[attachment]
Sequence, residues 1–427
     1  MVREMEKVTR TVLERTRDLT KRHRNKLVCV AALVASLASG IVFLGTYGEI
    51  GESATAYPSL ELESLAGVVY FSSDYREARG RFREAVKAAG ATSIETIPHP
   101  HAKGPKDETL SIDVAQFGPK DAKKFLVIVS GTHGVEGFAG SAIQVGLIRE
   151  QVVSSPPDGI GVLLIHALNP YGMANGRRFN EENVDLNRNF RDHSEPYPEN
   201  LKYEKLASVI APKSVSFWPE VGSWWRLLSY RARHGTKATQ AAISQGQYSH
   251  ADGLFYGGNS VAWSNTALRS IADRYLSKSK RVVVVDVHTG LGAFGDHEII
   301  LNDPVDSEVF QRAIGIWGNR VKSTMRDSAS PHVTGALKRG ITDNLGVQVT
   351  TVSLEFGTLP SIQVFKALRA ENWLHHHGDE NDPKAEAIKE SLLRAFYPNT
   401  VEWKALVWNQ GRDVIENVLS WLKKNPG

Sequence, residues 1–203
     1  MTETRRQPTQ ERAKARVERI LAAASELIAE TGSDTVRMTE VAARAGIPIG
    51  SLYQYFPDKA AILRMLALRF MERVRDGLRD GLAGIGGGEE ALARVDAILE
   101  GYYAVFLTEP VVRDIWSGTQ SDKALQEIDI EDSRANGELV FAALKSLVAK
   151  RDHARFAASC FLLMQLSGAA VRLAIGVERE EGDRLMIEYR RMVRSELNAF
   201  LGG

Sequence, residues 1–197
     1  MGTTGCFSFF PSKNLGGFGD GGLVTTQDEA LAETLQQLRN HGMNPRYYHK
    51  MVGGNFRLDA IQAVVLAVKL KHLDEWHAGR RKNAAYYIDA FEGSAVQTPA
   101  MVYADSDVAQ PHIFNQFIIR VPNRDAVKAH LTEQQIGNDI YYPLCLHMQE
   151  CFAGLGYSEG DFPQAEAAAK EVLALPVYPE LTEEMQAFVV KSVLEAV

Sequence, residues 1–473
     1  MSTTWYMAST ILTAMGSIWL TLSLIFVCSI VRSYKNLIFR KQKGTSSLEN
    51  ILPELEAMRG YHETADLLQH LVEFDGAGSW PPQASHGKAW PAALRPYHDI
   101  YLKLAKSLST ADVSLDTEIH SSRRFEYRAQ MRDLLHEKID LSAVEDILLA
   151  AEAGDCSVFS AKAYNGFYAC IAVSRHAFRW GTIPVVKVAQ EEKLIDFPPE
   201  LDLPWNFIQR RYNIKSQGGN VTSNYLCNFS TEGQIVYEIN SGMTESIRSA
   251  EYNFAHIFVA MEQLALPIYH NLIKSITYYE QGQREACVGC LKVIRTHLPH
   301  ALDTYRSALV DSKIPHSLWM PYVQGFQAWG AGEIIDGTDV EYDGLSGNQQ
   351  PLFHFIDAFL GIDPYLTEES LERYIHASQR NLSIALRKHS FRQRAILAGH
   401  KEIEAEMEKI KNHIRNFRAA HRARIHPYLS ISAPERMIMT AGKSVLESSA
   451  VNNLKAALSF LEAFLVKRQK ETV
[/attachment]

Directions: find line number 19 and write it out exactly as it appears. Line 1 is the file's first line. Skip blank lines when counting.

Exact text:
    51  MVGGNFRLDA IQAVVLAVKL KHLDEWHAGR RKNAAYYIDA FEGSAVQTPA